4. Mack says

    It’s disheartening to see the at times excellent Quillete take it’s place in the right-wing confirmation bias bubble. It’s painfully obvious just from a quick look at the first comments on this article. The author begins by making largely unfounded red-meat accusations about Obama fueling racial tensions and goes on to say he was largely a pragmatic realist on foreign policy. Followed by comments about how disastrous his foreign policy has been. So the formula – rile people up by reminding them that Obama’s black and then watch them foam at the mouth about how he’s been a weakling and a failure on the world stage.

    Quillete – please raise your editorial standards and have a mind for just what kind of company you wish to keep.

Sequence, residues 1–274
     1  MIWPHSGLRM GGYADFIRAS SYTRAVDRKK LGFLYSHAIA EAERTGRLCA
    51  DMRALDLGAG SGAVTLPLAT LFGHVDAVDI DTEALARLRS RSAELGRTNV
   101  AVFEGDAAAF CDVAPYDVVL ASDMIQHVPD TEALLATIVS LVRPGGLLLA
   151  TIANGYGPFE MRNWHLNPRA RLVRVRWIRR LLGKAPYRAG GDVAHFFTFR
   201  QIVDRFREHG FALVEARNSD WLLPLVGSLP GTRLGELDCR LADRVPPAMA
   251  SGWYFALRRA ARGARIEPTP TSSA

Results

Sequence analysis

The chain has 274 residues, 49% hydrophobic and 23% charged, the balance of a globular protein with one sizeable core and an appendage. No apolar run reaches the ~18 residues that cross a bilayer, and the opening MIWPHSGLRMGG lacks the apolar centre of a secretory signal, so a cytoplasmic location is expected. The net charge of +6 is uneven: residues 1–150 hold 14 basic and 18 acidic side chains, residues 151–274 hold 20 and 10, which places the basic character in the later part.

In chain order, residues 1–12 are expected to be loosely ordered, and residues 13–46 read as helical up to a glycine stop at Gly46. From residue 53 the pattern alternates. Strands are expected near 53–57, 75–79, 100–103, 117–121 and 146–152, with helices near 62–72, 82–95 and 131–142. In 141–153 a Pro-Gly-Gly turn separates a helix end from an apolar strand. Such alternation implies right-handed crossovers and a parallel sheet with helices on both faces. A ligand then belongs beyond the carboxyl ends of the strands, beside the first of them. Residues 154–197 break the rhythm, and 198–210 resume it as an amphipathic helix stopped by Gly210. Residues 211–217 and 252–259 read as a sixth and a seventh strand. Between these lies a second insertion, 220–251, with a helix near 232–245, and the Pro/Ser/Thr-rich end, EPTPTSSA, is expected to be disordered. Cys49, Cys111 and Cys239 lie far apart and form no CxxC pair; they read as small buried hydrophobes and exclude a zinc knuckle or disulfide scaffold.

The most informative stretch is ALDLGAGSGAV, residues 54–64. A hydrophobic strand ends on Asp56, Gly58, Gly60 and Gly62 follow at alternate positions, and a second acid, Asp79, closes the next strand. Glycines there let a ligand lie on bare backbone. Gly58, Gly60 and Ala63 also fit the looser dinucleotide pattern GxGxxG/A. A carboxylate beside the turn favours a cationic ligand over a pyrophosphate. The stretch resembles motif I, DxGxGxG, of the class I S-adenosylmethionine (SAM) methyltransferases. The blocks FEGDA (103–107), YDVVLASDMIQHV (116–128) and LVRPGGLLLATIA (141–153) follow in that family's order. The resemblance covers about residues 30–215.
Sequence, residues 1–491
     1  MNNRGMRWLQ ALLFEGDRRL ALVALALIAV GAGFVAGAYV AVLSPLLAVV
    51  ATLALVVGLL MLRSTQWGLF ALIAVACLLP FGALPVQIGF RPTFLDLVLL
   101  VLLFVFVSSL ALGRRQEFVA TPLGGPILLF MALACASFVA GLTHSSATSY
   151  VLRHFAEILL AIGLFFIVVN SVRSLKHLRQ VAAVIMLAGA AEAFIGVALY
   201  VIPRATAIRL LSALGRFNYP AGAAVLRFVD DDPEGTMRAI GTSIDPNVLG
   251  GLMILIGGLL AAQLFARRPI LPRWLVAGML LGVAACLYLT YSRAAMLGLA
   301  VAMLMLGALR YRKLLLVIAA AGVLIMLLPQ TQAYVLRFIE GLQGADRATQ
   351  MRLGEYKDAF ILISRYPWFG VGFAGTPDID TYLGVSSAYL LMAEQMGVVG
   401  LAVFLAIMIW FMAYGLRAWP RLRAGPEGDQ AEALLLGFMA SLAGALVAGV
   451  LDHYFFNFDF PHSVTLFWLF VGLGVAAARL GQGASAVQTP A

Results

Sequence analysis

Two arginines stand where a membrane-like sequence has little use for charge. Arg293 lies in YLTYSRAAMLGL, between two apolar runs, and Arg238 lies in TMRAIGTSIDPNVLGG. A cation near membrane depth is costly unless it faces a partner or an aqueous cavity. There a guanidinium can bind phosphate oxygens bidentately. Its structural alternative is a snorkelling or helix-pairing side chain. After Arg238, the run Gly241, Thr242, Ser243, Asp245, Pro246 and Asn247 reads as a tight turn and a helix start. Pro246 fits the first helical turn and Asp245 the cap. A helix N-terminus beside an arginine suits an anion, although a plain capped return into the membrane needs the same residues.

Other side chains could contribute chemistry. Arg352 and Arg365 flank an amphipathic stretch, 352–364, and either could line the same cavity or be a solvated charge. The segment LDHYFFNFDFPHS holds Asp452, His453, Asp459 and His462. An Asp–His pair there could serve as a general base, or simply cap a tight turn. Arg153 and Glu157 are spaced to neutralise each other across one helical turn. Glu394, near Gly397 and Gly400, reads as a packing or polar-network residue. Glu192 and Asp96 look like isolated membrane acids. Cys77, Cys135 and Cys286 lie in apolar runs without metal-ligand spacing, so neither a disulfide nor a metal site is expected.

5. John Tayler says

    @Mack “have a mind for just what kind of company you wish to keep.” What is that supposed to mean, exactly? I didn’t agree with all the points raised by the author in the article, but i thought it was an interesting perspective.

    Your own PC authoritarian rhetoric is off-putting, to be honest, and invalidates the points you wish to make.

  6. Mack says

    Dear John~